• Disclose whether the warranty or maintenance obligations related to the distributed energy generation system may be sold or transferred to a third party.
  • Include a disclosure, the receipt of which must be separately acknowledged by the customer, if a transfer of the sale, lease or financing agreement contains any restrictions pursuant to the agreement on the customer’s ability to modify or transfer ownership of a distributed energy generation system, including whether any modification or transfer is subject to review or approval by a third party. If the modification or transfer of the distributed energy generation system is subject to review or approval by a third party, the agreement must identify the name, address and telephone number of, and provide for updating any change in, the entity responsible for approving the modification or transfer.
  • Include a disclosure, the receipt of which must be separately acknowledged by the customer, if a modification or transfer of ownership of the real property to which the distributed energy generation system is or will be affixed contains any restrictions pursuant to the agreement on the customer’s ability to modify or transfer ownership of the real property to which the distributed energy generation system is installed or affixed, including whether any modification or transfer is subject to review or approval by a third party. If the modification or transfer of the real property to which the distributed energy generation system is affixed or installed is subject to review or approval by a third party, the agreement must identify the name, address and telephone number, and provide for updating any change in, the entity responsible for approving the modification or transfer.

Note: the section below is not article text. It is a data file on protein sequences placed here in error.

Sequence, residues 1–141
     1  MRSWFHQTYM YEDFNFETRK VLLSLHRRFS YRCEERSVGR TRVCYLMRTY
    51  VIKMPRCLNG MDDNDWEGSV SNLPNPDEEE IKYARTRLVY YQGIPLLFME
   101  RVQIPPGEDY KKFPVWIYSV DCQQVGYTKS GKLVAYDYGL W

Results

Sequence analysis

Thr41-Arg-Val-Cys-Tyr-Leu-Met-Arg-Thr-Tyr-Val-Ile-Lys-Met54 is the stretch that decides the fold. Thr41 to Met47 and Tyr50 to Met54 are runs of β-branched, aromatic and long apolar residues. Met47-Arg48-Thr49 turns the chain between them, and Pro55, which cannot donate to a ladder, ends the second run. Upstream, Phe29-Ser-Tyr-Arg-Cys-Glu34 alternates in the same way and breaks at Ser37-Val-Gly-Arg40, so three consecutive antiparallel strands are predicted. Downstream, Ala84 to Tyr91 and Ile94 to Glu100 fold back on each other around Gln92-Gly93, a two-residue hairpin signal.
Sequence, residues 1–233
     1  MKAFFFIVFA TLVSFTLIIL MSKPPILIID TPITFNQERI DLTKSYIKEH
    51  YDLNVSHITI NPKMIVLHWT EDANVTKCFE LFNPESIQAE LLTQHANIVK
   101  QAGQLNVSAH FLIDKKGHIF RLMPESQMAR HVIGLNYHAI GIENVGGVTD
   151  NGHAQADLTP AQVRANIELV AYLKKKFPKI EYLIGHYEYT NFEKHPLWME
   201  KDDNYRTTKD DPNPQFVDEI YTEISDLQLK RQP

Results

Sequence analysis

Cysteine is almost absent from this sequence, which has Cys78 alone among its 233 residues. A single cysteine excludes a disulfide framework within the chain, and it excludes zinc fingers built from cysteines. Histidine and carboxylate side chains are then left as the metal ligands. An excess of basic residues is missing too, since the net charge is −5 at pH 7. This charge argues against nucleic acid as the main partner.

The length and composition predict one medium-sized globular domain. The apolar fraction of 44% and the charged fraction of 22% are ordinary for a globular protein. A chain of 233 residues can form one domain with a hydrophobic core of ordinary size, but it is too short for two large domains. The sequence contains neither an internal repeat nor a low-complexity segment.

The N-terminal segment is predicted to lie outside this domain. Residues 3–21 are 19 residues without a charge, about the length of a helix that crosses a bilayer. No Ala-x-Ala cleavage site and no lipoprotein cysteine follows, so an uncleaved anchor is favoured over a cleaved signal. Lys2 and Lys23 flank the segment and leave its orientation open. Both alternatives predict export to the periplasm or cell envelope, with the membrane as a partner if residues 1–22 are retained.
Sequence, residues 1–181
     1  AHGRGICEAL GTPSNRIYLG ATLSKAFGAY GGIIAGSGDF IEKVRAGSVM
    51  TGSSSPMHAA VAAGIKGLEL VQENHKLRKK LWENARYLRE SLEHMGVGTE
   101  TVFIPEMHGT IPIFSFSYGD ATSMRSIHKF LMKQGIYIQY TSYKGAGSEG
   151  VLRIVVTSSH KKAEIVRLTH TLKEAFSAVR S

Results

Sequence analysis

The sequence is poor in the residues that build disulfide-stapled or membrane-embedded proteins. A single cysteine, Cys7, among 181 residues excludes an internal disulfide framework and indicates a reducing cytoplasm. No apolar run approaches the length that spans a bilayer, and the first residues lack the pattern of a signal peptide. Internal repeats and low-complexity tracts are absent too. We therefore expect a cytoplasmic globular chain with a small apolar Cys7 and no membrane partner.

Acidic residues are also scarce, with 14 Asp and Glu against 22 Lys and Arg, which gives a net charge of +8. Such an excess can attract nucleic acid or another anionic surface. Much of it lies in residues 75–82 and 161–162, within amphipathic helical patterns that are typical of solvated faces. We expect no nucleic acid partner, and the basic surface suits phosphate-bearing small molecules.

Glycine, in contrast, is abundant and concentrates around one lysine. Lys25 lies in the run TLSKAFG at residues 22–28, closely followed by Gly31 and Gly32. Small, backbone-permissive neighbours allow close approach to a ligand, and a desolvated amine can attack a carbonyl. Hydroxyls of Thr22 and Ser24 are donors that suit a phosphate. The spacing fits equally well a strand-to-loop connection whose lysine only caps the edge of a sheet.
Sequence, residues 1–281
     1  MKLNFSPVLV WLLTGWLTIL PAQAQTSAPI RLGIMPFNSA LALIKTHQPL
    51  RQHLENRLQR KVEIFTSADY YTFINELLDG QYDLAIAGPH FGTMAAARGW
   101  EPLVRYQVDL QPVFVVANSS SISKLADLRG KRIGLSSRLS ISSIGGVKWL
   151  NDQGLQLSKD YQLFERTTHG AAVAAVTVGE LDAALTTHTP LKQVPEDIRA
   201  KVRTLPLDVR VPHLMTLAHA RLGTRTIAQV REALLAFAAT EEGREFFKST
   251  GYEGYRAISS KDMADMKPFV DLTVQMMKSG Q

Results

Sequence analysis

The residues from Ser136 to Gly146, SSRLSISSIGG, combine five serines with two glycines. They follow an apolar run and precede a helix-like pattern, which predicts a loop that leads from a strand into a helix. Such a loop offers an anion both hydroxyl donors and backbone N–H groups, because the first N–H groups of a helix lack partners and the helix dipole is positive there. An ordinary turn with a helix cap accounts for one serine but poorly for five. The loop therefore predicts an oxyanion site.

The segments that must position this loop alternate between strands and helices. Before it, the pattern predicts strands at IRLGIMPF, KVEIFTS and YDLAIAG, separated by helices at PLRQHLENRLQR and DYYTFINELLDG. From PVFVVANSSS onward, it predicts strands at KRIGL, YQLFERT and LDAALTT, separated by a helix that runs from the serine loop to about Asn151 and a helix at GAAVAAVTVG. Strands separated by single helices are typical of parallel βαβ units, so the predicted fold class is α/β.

• Provide a full and accurate summary of the total costs under the agreement for maintaining and operating the distributed energy generation system over the life of the system, including financing, maintenance and construction costs related to the system.